Someone sent me a photo of a fired .50 cal bullet which had been dug up in England (he wanted to know what it was). There are some greenish corrosion patches on the jacket, but the entire point appears to have been painted in a similar colour (there is a sharp demarcation line where the paint ends). I’m not familiar with green-tipped .50 bullets (except for some French Multipurpose ones). Can anyone identify it? Might the effect of being buried for decades have changed the colour?
1 it was a US Remington contract round / bullet I have two in my collection with a green tip one is “RA 41” the other “RA 1940 .50 CAL Z” this last has a three stake crimped nickel primer with a green annulus. AP as you well know.
the 2nd thought is that it might have been a target marker, I know we used them in lots of different colours but not sure if you did.
Might well be wrong on both ideas but you might check if it is an AP proj.
I concur with Pete on this one, I have both headstamps and this is the box they were packed in.
now that’s a very sweet box, Will
thx for sharing
Thanks for the responses!
That is a lovely carton with loads of information. When these contract loads were made the UK did not use tip colours for AP. The standard identification was the green primer annulus. What I don’t know is whether the tip colour was specified in the contract or was simply done by Remington, copying the annulus colour.
Do you know where it was dug up? Thats always part of the interest for me and will have some bearing on how it probably got there in the first place.
There must be millions of bullets like this lying waiting to be found. Particularly along the south coast and up towards London.
On the outskirts of Axminster in Devon. Not the most obvious place…
Since this is a posting of a bullet “dug up” will ask again as I posted several years ago. Is there any documented injuries from falling bullets or cartridge cases in England from all the millions fired during the Battle of Briton? Know most citizens were in shelters there must have been a few like air raid, fire wardens and anti aircraft crews out and about during air raids. We had some “friendly fire” air bursts from 155 mm in Korea. It is pretty frightning when you are only in a fox hole :-)
Falling bullets wasn’t the biggest hazard: that would have been falling shell fragments from the AA fire. Those who were meant to be out in the open while raids were going on wore steel helmets, which would have reduced the risk of serious injury.
From what I read about the early part of WW2, people did rush to the shelters at the first sound of the warning sirens. Then it was realised that it was not necessary to stop production and take shelter until bombers were getting close to you. So a phased system was set up where it was possible to carry on working or watch the distant raids if not working. Much of the Battle for Britain consisted of dogfights between fighters or between fighters and German bombers. These posed a minimal risk to those on the ground and indeed were avidly watched by them. However, I don’t think that a falling 20mm Hispano case would have done anyone any good.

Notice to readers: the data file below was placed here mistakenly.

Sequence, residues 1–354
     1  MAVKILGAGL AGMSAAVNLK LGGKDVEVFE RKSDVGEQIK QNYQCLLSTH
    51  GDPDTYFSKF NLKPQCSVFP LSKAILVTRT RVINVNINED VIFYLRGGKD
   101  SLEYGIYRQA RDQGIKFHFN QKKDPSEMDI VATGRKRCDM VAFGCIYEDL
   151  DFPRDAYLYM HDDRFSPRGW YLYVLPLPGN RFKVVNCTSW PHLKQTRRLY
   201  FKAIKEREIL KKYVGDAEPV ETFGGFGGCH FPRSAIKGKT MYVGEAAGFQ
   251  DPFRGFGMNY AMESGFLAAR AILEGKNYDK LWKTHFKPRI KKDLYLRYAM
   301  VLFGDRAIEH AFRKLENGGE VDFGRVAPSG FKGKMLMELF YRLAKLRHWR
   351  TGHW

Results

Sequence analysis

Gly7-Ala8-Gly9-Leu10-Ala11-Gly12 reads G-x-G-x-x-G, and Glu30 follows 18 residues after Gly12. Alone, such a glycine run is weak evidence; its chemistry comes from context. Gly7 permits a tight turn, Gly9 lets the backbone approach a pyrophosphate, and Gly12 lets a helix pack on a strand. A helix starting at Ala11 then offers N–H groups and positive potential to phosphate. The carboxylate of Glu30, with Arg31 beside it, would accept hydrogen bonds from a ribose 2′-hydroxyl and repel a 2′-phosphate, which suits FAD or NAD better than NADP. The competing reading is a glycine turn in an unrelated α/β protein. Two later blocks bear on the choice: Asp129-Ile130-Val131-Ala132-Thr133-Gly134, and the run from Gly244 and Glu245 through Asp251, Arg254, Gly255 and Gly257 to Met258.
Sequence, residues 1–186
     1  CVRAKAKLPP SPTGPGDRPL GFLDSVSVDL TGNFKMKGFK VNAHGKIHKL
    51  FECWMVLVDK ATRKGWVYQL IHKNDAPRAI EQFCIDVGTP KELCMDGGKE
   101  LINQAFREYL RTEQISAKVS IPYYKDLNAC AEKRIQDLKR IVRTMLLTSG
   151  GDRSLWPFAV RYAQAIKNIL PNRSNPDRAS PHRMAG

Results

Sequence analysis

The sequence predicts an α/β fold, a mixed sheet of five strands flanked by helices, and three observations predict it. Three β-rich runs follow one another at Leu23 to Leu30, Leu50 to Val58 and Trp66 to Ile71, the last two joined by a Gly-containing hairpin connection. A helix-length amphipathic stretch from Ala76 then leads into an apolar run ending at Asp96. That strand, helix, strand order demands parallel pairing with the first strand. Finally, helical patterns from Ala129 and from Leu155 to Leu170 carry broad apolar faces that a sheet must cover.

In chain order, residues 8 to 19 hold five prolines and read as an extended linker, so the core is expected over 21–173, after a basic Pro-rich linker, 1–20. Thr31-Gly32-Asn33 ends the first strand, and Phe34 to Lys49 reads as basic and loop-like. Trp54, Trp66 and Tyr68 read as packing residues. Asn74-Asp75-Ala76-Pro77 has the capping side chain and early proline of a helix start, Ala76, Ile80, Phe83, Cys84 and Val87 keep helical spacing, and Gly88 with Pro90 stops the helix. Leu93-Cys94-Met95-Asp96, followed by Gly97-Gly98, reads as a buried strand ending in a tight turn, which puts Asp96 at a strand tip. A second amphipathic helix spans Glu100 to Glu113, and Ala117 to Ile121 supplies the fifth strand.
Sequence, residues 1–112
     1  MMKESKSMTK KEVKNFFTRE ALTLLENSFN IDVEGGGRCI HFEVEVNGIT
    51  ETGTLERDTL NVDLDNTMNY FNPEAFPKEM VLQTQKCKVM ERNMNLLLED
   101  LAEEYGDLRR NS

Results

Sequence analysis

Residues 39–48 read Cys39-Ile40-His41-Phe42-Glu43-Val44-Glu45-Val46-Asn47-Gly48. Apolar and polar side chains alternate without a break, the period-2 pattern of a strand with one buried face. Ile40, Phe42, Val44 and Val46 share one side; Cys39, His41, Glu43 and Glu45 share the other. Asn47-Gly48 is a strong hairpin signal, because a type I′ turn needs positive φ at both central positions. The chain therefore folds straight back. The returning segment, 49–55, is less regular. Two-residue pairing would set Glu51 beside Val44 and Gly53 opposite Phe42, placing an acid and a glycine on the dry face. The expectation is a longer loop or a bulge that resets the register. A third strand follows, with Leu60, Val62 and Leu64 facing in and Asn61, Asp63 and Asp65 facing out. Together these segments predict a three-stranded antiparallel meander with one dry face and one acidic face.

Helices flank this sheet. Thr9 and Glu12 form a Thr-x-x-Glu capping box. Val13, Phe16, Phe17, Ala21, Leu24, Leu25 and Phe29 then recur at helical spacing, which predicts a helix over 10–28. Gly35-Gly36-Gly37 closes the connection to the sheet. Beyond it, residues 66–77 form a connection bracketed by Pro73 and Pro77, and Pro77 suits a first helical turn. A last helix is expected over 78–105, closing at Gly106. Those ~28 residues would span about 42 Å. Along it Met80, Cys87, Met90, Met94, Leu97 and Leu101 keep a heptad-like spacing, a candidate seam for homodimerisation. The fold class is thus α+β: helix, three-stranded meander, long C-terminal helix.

What goes up must come down and loads of air raid wardens and firemen etc were killed during air raids but its hard to know how many were by friendly fire and how many were by enemy action. They were almost certainly all booked down to enemy action whatever the truth was.
On Ealing Road near Alperton NW London there is a large cemetry. Part of it is annexed off for CWG (military war graves). All the people buried there were Air Raid Wardens, fire watchers and the like. Many of them horribly young.
I posted on here once before, when I was a kid my father dug up a German cartridge case in our garden.
The house where I live now has a filled in air raid shelter at the bottom of the garden with my shed built on top using the concrete base of the shelter as a foundation. So I have probably the only garden shed in the world with a cellar.
Here is a photo of a green tipped AP round that I used to have in my collection. The image is a scan of an old file photo so not the best quality.
A program was done “Mythbusters” and falling small arms bullets (9mm, 30-06) are not dangerous, the most direct hit will only cause a bruise, but if it has any horizontal velocity then it is dangerous.
Here are a couple of 37MM projectiles that were given to me by a WW2 P47 pilot. There’s a spent .50 cal projectile in my collection somewhere as well, from the same hero. Anyway, as the story goes, these littered an airfield where he was stationed after an airbattle overhead. He found the .50 on his cot, having penetrated the roof of their Quonset Hut. I saw that Mythbusters show and although not all that well versed in physics, understood the principles they were setting out to prove. Still, those “spent” 37MM projectiles would leave a helluva dent in a helmet.
I was wondering if Frankford Arsenal also made .50 ammo for the Brits in WW2?
The headstamp on these cartridges is FA 42.
- Just reading thru History of US SAA Vol. 2 and a green bullet tip may also be a Pomeroy .50 Explosive bullet. (pg. 147) or maybe a T86 Lachrymatory .50 cal (pg. 163)???
Couldn’t get your photo to load.
I can tell you the pomeroy is a rather distinctive projectile shape. There’s no mistaking it for an ordinary bullet. So if your bullet is typical profile, but green tip, no way it’s a pomeroy.
FA should be Frankford Arsenal.
OK, posted photo… I don’t know what happened to the link…
Thanks EOD… brain was in neutral when I was typing I guess :D
Tough call on this one. Ammo made into displays can be most anything. Tip colors look close for the RA contract stuff.